KNOXVILLE, Tenn. — A Tennessee woman and her son are accused of stealing more than $83,000 from a small church, according to the Tennessee Comptroller’s Office.
According to investigators, Carolyn Mullins and her son, William “Larry” Mullins, allegedly stole $83,710.82 from Peakland Baptist Church in Meigs County, WVLT reported. Officials said the church has four members in its congregation.
In July 2021, the Meigs County Grand Jury indicted Larry Mullins on one count of theft over $60,000 and Carolyn Mullins on one count of theft over $60,000, according to the television station.
According to the TBI, Larry Mullins was the church’s treasurer and Carolyn was the assistant treasurer, WTVC reported. Larry and Carolyn Mullins were the only authorized signatures on the church’s bank accounts, the television station reported.
A fire destroyed the church’s sanctuary building in February 2019, and members decided to rebuild using $180,000 in insurance checks, the Chattanooga Times Free Press reported. The money was issued as three separate checks in mid-March and April 2019, the newspaper reported.
The checks were deposited into the church’s bank account on March 15, 2020, and May 1, 2020, and church officials signed a contract to build the sanctuary for $118,000 in late May 2019, the Times Free Press reported.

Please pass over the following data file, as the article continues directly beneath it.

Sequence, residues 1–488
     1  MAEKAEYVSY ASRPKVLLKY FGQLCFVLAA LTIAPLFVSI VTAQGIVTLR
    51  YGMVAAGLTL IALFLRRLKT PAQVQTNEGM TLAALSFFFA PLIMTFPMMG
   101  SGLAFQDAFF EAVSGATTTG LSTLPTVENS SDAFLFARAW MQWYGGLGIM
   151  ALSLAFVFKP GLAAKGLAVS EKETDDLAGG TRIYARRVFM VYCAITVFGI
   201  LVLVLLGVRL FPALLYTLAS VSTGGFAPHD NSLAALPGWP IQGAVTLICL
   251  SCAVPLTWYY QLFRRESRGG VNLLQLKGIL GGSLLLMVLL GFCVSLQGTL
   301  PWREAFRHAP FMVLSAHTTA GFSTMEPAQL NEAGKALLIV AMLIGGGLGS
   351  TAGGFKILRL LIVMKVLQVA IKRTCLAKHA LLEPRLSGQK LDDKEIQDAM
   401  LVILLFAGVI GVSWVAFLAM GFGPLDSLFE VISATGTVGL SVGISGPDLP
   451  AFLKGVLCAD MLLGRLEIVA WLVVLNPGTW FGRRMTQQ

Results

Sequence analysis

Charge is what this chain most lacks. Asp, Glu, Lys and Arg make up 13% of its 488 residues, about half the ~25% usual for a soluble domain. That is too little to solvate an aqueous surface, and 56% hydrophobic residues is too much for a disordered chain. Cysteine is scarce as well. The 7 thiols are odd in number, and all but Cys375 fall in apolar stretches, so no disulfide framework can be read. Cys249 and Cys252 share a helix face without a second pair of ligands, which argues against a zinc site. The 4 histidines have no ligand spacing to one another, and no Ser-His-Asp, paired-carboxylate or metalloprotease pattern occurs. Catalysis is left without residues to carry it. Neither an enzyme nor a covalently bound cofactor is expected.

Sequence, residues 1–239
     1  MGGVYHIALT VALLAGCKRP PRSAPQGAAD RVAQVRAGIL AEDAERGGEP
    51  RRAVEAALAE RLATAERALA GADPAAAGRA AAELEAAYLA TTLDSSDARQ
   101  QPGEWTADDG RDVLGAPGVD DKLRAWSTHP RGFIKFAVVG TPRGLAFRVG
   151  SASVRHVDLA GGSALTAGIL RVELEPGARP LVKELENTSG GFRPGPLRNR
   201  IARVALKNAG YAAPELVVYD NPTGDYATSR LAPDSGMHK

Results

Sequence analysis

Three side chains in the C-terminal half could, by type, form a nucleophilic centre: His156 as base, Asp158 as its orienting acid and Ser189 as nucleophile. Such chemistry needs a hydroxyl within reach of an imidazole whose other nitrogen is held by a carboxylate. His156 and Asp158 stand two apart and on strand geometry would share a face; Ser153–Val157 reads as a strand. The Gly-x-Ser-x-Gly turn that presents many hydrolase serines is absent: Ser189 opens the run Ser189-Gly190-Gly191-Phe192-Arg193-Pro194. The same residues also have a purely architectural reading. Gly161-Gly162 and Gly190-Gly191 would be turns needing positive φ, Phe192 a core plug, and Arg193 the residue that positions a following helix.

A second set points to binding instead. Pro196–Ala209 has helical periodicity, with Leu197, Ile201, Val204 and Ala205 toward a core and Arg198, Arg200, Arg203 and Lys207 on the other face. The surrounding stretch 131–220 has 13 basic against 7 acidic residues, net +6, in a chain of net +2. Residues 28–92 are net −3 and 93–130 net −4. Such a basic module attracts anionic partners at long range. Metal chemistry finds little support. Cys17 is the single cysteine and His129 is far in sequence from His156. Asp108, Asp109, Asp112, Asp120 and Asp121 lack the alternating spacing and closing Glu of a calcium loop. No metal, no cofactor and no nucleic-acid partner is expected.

After the work stopped, the Mullins’ hired contractors to install heating and air conditioning units and ductwork for $12,244.36, the Times Free Press reported. At the end of December 2019, the church checking account balance was $25.77. On Feb. 11, 2020, the account balance of 77 cents was closed, the newspaper reported.
Carolyn and Larry Mullins reportedly stole the money by making internet transfers and withdrawals from the church account to their personal accounts, WVLT reported. Investigators said the pair allegedly wrote church checks to cash to themselves, and they made personal purchases at Walmart including gift cards, cigarettes, cash back, a ring and clothing, the television station reported.
According to reports, the mother and son transferred $12,221.31 back to the church but still owe a balance of $71,489.51, the Times Free Press reported.
“It’s a best practice for churches to have someone other than treasurer reconcile the monthly bank statements and review financial activity,” state Comptroller Jason Mumpower said in a statement. “Separating financial responsibilities reduces the risk of errors or fraudulent activity.”
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